Intel is hanging a lot on its HyperThreading (HT) technology. In fact, HT is the focal point of Intel's new line of software compilers introduced recently that the company says will "pave the way for Intel's HyperThreading technology." Indeed, the new compilers will help to allay observers' concerns after Intel failed to have its compilers ready when it introduced its first HT-ready processors earlier this year. Intel has said, for example, that performance gains of 25% are achieved when an application runs on an HT-capable Pentium 4 processor while many of these touted performance gains will hinge on the compiler. Program-wise, Intel's HT, which enables a single physical processor to create a simulated logical processor to run multiple tasks at the same time, will lend greater performance to its 3.06 GHz and faster Pentium 4 processors, independent of clock speed, to a wide range of applications. If Intel's claims indeed hold true, the benefits will be applicable to conceivably any computationally intensive program. That includes high-scale transaction-oriented computing, financial, engineering and scientific digital media, gaming, and special effects applications, or in short, any application that runs the CPU at full throttle with more than one thread. The maximum 25% improvement in performance will be measured by standard benchmarks, such as frames/ second for graphics applications.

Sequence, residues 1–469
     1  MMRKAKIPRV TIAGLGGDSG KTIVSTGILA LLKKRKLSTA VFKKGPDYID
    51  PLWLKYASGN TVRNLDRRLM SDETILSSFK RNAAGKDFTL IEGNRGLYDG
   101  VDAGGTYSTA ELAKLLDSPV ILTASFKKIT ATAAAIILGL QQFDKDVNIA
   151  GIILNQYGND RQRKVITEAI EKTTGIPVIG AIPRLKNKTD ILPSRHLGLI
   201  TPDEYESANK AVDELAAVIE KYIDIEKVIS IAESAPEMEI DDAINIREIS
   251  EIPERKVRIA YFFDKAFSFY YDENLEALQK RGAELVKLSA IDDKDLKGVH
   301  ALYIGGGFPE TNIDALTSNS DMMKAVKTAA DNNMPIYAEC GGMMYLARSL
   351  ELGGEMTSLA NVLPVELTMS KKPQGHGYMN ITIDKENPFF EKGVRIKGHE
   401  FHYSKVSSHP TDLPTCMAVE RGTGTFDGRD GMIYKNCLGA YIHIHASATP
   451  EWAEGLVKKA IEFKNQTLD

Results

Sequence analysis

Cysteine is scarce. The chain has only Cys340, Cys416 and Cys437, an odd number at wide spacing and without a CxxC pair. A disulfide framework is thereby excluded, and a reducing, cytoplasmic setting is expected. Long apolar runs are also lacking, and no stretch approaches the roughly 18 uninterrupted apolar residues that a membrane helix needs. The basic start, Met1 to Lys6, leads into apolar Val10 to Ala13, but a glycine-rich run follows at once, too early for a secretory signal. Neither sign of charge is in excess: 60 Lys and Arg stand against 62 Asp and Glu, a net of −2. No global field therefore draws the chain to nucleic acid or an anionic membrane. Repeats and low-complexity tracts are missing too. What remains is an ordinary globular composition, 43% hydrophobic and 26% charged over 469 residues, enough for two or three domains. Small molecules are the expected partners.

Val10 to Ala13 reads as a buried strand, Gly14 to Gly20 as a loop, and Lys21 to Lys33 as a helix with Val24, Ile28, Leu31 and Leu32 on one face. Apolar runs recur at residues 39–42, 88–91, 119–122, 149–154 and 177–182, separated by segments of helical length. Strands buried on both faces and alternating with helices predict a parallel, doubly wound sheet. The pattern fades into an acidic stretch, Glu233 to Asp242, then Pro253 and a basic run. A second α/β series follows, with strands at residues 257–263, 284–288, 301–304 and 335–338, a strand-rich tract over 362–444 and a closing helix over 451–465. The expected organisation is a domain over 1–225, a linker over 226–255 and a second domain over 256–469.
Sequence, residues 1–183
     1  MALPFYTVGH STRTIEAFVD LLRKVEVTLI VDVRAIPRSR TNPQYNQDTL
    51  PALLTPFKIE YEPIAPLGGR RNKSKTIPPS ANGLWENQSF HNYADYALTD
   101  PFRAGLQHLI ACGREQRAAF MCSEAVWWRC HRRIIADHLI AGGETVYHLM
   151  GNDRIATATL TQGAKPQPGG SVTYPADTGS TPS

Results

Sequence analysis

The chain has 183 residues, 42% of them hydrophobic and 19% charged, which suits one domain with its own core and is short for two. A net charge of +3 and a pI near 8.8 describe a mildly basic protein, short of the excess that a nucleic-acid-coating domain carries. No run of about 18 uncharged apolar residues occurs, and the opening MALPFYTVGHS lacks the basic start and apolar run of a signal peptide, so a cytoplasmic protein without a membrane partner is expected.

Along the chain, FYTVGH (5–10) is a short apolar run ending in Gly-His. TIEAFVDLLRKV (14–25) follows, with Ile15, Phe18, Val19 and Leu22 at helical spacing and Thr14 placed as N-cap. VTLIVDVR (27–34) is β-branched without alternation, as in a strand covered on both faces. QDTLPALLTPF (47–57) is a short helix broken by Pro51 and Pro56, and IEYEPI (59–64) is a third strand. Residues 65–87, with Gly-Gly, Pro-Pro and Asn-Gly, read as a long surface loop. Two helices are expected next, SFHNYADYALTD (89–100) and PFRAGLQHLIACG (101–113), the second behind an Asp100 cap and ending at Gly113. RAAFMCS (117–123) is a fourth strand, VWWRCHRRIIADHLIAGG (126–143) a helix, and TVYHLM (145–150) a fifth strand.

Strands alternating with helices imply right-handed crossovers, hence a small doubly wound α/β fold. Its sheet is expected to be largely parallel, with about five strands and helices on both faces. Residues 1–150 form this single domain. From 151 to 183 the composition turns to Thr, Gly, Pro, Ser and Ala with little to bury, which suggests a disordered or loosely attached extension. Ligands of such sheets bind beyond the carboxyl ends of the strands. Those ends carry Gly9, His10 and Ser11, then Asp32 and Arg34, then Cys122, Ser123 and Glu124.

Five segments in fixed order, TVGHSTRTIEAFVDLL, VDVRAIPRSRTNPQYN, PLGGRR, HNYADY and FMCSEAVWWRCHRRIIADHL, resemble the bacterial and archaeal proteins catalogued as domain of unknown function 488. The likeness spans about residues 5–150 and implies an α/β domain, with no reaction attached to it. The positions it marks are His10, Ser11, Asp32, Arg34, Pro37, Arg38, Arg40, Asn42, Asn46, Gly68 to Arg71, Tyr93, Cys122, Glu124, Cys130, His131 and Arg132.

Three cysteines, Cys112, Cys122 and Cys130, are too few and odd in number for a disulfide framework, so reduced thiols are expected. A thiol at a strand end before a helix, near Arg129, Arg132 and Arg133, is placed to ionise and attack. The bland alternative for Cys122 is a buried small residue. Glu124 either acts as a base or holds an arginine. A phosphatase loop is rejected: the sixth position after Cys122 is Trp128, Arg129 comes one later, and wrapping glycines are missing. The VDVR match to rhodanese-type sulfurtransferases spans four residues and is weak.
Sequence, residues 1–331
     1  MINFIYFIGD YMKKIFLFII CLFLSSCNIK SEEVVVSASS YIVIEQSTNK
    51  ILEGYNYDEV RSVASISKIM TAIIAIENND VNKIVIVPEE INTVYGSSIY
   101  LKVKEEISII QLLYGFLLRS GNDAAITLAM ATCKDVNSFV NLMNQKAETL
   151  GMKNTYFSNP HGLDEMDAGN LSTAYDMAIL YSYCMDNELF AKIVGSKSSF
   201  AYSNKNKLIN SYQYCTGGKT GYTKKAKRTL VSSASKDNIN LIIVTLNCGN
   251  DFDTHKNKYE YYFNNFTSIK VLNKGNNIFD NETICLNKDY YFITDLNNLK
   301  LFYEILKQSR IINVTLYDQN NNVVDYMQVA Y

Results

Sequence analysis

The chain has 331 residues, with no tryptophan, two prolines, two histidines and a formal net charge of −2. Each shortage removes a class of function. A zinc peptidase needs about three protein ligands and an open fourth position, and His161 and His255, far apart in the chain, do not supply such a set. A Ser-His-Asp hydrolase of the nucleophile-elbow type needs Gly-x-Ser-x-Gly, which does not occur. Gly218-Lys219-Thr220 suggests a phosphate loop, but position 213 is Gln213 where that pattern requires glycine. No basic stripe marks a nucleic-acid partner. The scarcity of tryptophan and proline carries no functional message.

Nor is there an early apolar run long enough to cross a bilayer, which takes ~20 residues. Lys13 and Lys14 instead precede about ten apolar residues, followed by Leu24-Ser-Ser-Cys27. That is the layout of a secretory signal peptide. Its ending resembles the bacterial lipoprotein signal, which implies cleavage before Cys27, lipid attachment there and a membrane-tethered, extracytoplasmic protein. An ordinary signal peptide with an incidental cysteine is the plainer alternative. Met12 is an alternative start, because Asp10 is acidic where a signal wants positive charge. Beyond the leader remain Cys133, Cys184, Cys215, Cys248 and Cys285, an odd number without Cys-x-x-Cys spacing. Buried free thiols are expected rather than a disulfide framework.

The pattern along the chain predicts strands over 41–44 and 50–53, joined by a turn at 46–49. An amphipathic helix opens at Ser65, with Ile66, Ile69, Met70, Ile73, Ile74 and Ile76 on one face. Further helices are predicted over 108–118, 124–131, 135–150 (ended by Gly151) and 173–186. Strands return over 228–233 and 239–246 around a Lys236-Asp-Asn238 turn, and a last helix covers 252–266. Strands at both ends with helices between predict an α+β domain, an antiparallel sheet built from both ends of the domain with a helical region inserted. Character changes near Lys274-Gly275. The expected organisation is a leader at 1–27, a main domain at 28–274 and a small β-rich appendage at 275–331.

HT will not offer noticeable performance gains, however, for non-computationally intensive applications, such as spreadsheets, word processing, or e-mails, which represent the vast majority of applications used by the average Joe consumer. In short, applications will not see performance gains until the HT processor is pushed hard and the application in use employs multiple threads.
The HyperThread Link
Intel describes the main attribute of HT-enhanced applications in terms of multitasking: a programming thread runs on the CPU at all times to maximize CPU utilization. Each process is given a time-slice during which it executes. Creation of a process involves the generation of an address space and the application's image in memory, which includes a code section, a data section, and a stack. Parallel programming requires the creation of two or more processes and an inter-process communication mechanism to coordinate the parallel work. Threads are tasks that run independently of one another within the context of a process. A thread shares code and data with the parent process but has its own unique stack and architectural state that includes the instruction pointer. Threads require fewer system resources than processes. For example, intra-process communication is significantly cheaper than inter-process communication.
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